Where do Earthquakes Occur?
No part of Earth's surface is free from earthquakes, but some regions experience them more frequently. They are most common at tectonic plate boundaries where different plates meet. The largest events usually happen where two plates are colliding, or colliding and sliding past one another, particularly around the edge of the Pacific Plate, for example in New Zealand, Vanuatu, the Solomon Islands, Papua New Guinea, Japan and the Americas, and in Indonesia, where the Indo-Australian Plate collides with the Eurasian Plate. The depths of focus in these collision zones can range from 0-700km.
Large shallow earthquakes also happen where two plates are pulling apart with the creation of new oceanic crust along mid-ocean ridges and on the transform faults that intersect them.
Shallow intraplate earthquakes occur in the relatively stable interior of continents away from plate boundaries. They are less common and do not follow easily recognisable patterns. This type of earthquake generally originates at shallow depths.
Although Australia is not on the edge of a plate, the continent experiences earthquakes because the Indo-Australian plate is being pushed north and is colliding with the Eurasian, Philippine and Pacific plates. This causes the build up of mainly compressive stress in the interior of the Indo-Australian plate which is released during earthquakes.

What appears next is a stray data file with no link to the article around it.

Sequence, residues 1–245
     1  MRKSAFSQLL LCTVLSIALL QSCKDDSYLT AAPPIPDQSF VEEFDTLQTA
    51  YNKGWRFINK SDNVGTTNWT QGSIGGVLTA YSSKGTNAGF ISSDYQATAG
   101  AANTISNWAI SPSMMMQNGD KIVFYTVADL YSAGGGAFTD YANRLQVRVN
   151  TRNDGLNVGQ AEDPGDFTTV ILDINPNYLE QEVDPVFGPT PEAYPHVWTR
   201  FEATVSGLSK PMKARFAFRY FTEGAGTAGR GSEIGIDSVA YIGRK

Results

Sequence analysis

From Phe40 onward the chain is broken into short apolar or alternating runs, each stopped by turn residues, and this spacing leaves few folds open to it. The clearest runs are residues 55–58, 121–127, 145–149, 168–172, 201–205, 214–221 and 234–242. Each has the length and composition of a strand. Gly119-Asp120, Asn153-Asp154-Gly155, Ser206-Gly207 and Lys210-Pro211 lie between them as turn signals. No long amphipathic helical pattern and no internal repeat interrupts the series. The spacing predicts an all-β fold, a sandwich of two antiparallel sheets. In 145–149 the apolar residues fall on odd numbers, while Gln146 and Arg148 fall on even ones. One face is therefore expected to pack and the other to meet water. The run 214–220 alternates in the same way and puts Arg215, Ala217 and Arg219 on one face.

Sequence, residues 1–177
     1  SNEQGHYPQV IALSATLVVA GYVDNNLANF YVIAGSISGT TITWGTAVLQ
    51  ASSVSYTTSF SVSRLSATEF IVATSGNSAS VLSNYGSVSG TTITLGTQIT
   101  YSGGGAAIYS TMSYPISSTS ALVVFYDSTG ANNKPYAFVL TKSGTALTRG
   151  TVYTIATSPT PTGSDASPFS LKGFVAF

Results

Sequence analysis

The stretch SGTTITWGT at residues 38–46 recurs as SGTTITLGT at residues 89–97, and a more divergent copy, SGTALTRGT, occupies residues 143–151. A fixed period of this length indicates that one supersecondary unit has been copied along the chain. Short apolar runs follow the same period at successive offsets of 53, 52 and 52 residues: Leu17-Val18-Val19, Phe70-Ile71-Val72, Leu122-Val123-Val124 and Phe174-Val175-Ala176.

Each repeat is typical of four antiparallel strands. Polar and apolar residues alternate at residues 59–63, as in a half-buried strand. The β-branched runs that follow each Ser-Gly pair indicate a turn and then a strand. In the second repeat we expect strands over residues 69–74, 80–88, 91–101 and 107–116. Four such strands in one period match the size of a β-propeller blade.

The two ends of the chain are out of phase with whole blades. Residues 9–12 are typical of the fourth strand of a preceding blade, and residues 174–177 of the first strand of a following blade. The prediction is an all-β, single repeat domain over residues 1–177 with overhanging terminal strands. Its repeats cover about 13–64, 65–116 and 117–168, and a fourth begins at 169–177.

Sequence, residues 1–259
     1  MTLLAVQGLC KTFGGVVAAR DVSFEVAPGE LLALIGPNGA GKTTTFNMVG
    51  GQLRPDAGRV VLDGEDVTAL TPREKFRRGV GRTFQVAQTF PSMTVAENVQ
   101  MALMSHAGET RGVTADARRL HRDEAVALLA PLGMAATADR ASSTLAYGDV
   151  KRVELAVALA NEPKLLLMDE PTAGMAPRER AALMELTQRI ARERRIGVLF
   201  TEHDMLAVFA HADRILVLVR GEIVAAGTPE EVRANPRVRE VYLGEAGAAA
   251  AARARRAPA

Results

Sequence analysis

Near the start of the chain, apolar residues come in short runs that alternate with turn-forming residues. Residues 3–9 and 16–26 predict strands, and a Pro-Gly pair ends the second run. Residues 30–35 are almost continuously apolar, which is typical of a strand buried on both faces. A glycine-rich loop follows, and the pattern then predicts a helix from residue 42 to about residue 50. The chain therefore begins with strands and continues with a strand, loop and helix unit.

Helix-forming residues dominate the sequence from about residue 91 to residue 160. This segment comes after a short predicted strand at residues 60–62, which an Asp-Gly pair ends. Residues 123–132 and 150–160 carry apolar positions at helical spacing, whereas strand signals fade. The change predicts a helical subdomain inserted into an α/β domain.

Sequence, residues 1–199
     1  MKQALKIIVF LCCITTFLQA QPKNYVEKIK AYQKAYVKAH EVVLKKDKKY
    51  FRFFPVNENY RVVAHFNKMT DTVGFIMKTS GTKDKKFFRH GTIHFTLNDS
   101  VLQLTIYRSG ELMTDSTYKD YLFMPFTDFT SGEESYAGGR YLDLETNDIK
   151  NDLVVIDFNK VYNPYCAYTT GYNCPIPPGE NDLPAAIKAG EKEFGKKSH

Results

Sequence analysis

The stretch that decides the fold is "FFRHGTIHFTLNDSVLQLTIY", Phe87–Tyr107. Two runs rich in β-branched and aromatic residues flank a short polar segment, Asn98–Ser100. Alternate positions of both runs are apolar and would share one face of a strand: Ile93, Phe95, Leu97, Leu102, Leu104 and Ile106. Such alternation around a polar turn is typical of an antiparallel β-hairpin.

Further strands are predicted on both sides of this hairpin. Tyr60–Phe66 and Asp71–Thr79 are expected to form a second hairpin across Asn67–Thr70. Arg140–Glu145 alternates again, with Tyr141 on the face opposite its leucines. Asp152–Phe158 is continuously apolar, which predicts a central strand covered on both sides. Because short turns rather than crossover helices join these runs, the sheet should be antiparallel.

Australia's largest recorded earthquake was in 1988 at Tennant Creek in the Northern Territory with an estimated magnitude of 6.6, but it occurred in a sparsely populated area. A magnitude 6.5 earthquake at Meckering in 1968 caused extensive damage to buildings and was felt over most of southern Western Australia. Earthquakes of magnitude 4.0 or more are relatively common in Western Australia with one occurring approximately every five years in the Meckering region.